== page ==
‘Structural’ failure blamed on deadly metro crash in Mexico | News from Mexico


A probe of construction defects in the cavalcade caused the accident that left 26 people dead, a probe found.

An investigation into the Mexico City subway disaster revealed a series of construction defects in the collapsed cavalcade, killing 26 people and induces angry demands for justice.

The first report released Wednesday by Norwegian engineering company DNV said a structural failure had caused the elevated section to collapse on May 3, dropping a passenger train.

Preliminary results, which were presented at a press conference by Mexico City authorities, identified a number of shortcomings in the construction process.

They include “unfinished and / or poorly executed welding”, insufficient bolts and the use of different types of cement.

Experts have also found deformities and fractures in the bundles of the section that collapsed, injuring dozens of people and provoking accusations of negligence by devastated relatives.

The metro line, the newest in the city, has been plagued by problems since it opened in 2012.

DNV, which has been hired by authorities to investigate the causes, plans to broadcast two more reports on July 14 and August 30, its Mexican director Eckhard Hinrichsen told the news conference.

The probe aims to establish whether the design and materials were suitable, whether construction was done in line with the design, and whether operation and repairs were factors in the crash.

Prosecutors are also investigating the disaster, but have also released their findings.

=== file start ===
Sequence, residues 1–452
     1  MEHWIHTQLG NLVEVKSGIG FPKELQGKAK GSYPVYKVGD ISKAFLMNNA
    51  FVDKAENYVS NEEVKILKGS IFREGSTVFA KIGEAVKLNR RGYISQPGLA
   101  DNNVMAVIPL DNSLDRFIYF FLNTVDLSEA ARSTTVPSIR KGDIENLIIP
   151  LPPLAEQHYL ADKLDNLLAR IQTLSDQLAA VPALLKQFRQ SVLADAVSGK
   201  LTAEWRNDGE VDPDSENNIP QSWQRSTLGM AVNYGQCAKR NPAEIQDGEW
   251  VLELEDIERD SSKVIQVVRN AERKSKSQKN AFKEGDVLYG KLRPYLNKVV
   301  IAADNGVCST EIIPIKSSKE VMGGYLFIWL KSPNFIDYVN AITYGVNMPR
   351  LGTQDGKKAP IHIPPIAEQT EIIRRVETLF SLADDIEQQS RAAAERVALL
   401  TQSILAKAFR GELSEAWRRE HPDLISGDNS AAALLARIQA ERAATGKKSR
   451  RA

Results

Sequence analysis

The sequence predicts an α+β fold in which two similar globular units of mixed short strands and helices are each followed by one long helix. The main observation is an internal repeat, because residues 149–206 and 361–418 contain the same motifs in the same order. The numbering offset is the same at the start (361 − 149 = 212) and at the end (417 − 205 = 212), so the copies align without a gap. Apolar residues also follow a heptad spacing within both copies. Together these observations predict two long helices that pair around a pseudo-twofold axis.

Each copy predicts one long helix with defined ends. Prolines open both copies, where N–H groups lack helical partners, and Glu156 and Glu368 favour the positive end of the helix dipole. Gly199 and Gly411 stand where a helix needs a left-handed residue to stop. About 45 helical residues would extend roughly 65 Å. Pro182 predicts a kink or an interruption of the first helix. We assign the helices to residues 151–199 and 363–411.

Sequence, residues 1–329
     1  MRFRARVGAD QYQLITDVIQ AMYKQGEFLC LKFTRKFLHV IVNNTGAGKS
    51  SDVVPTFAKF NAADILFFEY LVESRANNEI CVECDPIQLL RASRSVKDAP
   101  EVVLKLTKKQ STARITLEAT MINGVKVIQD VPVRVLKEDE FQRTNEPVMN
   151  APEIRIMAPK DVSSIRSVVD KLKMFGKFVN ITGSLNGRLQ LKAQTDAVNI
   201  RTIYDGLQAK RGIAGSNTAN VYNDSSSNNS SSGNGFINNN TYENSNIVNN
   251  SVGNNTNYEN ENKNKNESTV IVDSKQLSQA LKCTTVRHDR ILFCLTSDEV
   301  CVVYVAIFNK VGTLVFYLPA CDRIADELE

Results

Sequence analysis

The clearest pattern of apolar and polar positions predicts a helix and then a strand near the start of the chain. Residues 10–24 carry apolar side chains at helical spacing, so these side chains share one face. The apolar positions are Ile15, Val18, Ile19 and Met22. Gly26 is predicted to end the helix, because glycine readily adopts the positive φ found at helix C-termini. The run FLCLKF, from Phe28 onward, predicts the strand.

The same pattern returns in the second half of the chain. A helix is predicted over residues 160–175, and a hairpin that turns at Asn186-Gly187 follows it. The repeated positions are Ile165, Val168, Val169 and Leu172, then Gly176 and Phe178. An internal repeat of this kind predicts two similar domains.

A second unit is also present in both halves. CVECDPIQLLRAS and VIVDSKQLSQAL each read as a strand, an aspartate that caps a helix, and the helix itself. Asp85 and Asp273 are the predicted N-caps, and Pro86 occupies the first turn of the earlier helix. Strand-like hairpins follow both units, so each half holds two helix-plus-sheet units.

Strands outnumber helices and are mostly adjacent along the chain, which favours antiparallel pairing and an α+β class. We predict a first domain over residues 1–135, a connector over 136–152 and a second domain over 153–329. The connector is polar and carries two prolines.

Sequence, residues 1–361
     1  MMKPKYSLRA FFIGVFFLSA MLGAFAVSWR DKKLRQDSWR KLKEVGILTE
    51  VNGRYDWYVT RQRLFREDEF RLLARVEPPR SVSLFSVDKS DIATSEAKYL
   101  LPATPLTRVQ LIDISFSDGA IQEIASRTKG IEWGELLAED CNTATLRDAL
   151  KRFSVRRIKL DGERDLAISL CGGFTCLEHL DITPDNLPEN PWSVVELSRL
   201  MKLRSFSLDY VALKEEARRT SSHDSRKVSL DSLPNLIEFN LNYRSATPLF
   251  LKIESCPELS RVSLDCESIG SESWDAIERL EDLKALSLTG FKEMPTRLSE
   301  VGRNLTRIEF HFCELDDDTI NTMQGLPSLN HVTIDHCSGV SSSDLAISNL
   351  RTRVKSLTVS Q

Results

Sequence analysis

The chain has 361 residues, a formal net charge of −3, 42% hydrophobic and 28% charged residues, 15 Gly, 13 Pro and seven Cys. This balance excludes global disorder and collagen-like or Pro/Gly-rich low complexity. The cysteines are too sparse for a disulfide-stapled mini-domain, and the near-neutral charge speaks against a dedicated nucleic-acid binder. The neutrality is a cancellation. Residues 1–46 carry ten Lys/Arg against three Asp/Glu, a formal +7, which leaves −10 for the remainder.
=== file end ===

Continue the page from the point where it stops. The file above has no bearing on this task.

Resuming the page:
Mexico City Mayor Claudia Sheinbaum said she will put in place a technical team to reinforce and repair the 24.5 km (15-mile) line.

Fury over the crash has flooded two of President Andres Manuel Lopez Obrador’s political supporters and key contenders to be his left-wing party’s candidate in the 2024 presidential election.

Sheinbaum is questioning whether the network has been properly maintained since it took office in 2018.

Foreign Minister Marcelo Ebrard oversaw the development and inauguration of the line in his former position as mayor of Mexico City from 2006 to 2012.

Ebrard said his administrative responsibility for the project ended when he left the job.

The problems in the high section of the runway became known after a strong earthquake shook the capital in 2017, according to the first diplomat.

Ebrard issued a statement Wednesday defending its role in the subway project, saying its office had held an international tender to select construction companies.

He also set up an autonomous public body to manage the project, as well as a central committee and a technical subcommittee, and sought advice from Mexican engineering institutes, he added.

Mexican billionaire Carlos Slim is also conducting investigations into the disaster since one of his companies was involved in the construction of the collapsed section.

Lopez Obrador reiterated Wednesday before the publication of the report that those responsible for the tragedy will be punished and promised to support the reconstruction of the line.

He rejected suggestions from a employers ’association that the accident was linked to public spending cuts.

Authorities were also under fire from one of the subway unions, which said its first alert about damage to the horse was ignored.

Line 12, also known as the Gold Line, was built at a cost of about $ 1.2 billion – 70 percent more than initially planned.

In 2014, operations were suspended at 12 stations along the line for just over a year due to runway deterioration, rail attachments and connections.





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